The birth of a beauty

This page is here to illustrate just how labour intensive the build of one of our basses is. When we say that are entirely hand built, we mean it. In fairness, a billion years of plant evolution has meant that mother nature has handed us a material that is truly remarkable, but it would be for nothing would it not be for the luthier.


"Nature creates the tree, destroys the seed, yet preserves the species.

The luthier creates the guitar, destroys the tree, yet preserves the wood."


GB gutars use various suppliers of seasoned timbers and tonewoods, but it takes real skill and a lifetime of experience to truly grasp which combinations work best. The customer for the instrument illustrated here had certain specific requests with regard to the appearance of the instrument, and such was his level of interest in the process, we are thankful that he was always nipping in for a cup of tea and to take pictures of the latest state of build, that we could give this small insight into the various stages of construction.


The wood used in the construction of the body wings.


What you can see here is the top facing of burr maple, the body of rock maple, and detail slices of black American Walnut. All out timber is from reputable sources, and is ethically and environmentally sourced (no-one wants to go through the hell that certain US manufacturers have been compelled to endure!)

This is the main facing rubbed with a gentle solvent to allow the full colour of the grain to shine out.


This pair of facings (and the ones used for the back) were cut from a large slice that had been taken from a tree was felled sometime back in the mid 60s. The supplier had been holding onto the exquisite piece of wood in the hope that it could one day be used to make a coffee table top, such was the quality of the piece. He never got around to it, so his loss was our win!

These pieces are all glued and clamped.


Glue choice is an important thing as is the preparation of the surfaces to which it is to be applied. We use an aliphatic resin that has been mixed to our specific requirements.



The wood is then selected for the Through neck. in this case it is a sandwich of rock maple and black American walnut.


These pieces have been painstakingly planed and scraped to ensure they are perfectly flat. This is a very time consuming process and had to done carefully given the organic and variable nature of the material. This is an important process so the structure can be made with as little adhesive as possible so as to not dampen any vibrations in the wood.

These are glued and then clamped with a whole load of sash clamps.


These are tightened up very carefully to ensure even pressure along the length of the neck blank.This way we can be certain that we have a consistent neck that is stong enough to be made slim and playable, yet can pull out all the subtleties of the vibrating string.

Once the neck is glued, the front of the headstock is shaped, and a rebate cut for the GB designed custom truss rod.


In order to minimise waste in these environmentlally sensitive times, two necks are cut from the same laminate block.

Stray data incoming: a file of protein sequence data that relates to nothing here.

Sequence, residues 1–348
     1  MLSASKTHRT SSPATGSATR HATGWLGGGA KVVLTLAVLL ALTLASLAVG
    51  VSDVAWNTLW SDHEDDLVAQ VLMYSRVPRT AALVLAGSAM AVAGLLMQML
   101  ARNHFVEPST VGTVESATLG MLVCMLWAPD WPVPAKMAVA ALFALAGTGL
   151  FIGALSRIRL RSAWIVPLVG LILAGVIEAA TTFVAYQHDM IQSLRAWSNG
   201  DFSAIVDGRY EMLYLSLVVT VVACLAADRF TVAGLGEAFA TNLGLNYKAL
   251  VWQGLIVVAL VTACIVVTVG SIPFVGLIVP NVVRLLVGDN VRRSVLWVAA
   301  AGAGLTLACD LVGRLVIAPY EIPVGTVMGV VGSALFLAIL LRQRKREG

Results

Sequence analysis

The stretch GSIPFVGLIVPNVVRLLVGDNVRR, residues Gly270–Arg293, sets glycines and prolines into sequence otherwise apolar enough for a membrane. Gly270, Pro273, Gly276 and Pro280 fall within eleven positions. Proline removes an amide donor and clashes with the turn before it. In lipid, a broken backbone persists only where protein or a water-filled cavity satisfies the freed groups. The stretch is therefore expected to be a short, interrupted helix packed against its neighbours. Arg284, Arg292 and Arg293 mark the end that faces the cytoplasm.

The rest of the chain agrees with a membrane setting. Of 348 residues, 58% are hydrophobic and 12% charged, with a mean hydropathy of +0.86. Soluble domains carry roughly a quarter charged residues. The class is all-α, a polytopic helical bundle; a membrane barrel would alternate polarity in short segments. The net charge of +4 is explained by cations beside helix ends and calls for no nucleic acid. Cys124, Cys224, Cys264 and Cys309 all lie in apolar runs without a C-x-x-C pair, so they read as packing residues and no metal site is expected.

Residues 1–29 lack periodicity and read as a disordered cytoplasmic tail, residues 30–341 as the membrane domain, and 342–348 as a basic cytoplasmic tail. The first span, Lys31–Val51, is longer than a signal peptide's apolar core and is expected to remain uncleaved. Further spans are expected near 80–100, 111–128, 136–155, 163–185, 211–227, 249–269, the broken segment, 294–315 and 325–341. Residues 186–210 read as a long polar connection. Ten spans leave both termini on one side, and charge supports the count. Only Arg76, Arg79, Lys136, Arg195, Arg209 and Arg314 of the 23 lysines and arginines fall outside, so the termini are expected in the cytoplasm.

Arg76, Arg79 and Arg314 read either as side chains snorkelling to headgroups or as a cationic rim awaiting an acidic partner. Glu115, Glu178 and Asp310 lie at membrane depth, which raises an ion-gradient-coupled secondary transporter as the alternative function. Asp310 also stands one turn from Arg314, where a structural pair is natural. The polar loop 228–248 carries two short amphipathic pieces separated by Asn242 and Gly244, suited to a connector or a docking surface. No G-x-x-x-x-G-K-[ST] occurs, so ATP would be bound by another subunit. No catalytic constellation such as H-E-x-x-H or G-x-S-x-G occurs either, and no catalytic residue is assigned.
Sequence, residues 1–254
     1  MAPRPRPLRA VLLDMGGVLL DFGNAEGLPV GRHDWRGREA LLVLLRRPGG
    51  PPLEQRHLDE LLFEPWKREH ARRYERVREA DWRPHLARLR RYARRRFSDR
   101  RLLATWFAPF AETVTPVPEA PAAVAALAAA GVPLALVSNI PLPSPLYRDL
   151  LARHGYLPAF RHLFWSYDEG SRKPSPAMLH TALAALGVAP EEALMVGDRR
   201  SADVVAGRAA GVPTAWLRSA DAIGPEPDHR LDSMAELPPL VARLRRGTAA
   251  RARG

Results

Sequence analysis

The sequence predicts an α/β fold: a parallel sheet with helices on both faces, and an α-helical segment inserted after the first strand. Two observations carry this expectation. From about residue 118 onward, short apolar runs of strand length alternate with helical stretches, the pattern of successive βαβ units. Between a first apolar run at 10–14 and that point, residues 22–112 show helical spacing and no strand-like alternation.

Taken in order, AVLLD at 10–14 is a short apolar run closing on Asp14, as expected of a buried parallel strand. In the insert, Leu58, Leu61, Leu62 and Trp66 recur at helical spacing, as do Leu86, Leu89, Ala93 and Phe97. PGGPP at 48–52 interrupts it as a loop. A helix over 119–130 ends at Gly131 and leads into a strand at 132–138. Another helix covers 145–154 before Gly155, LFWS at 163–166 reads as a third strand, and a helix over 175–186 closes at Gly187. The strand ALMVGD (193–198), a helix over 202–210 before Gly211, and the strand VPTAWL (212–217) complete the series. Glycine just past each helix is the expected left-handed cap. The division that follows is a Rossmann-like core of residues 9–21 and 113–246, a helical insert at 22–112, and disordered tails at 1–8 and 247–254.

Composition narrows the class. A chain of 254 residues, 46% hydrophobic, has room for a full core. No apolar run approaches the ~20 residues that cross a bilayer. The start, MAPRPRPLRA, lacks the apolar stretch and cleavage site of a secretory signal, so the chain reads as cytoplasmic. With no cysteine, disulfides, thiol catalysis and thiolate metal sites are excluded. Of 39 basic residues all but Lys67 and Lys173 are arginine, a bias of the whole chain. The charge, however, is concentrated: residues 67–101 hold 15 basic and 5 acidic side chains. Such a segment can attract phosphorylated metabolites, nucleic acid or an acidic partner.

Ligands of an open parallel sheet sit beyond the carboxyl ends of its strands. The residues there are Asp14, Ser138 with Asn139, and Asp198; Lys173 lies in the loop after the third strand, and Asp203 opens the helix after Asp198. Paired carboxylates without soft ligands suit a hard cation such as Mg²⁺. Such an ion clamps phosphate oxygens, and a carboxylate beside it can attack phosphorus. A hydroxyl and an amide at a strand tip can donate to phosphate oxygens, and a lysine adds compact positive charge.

The back of the neck is then roughly shaped.


The rough shape of the neck is initially cut with a bandsaw, then a mixture of inreasingly fine planes and files are used to shape the neck to specific requirement of the customer.

While the glue is drying on the neck, the fingerboard is prepared.


In this case a rather fetching orange and black cocobolo fingerboard was selected, and it is planed ond scraped on the rear surface so as to make as imtimate contact as contact as possible to the front surface of the neck.


The darker hardwoods used for fingerboards can bring up the most amazing aromas. This piece had a dark spicy smell that would have made a rather lovely snuff. In fact the oil from cocobolo wood is used in the manufacture of expensive perfumes.

Fingerboard glued to the front of the neck.


Again, anyone who owns shares in a company that manufactures G clamps could get very rich!


Once the fingerboard is on, it is shaped as required, then cut for fretting and the dot inlays affixed.

Ornamental facing being stuck to the front of the headstock.


This was done at the request of the customer to cover up the look of the laminated neck piece, as an alernative to leaving it bare, or painting it with a solid colour (which is often done by manufacturers of cheaper instruments).


Body bouts are then glued to the trough neck. Lots of glue and lots of clamps.


You can see also how the dot markers are positioned, and the slots that have been cut for the frets.

The bass guitar is finally beginning to take shape.


Now starts the laborious process off cutting out the final shape and finishing by hand. The shape is initially cut out using a bandsaw, but the rest is done using traditional woodworking hand tools. Final shaping of the body, and the seamless blending of the body into the neck is probably the most laborious process of all, and takes an innordinate amount of time, constantly checking that every curve corresponds the design.

The body is then routed on the front for pickups and controls.


This part of the process is done with the meticulous precision of a Swiss watchmaker to make sure that not only is the alignment of the pickups and bridge absolutley perfect, but the bare minimum of wood is removed to maintain the best tone possible.

This process is also completed on the back of the instrument where the cavities are cut for the exclusive GB Guitars electronics and batteries. The hole is also cut for the Neutrik locking jack socket.

All but finished.


Again it has been "wetted" with a solvent to bring out the colour of the wood. Yu can also see where the cavities have all been carefully painted with elecrically shielded paint.


All it needs now is a beautiful gloss finish, and the custom GB electronics and Sofia is good to gig!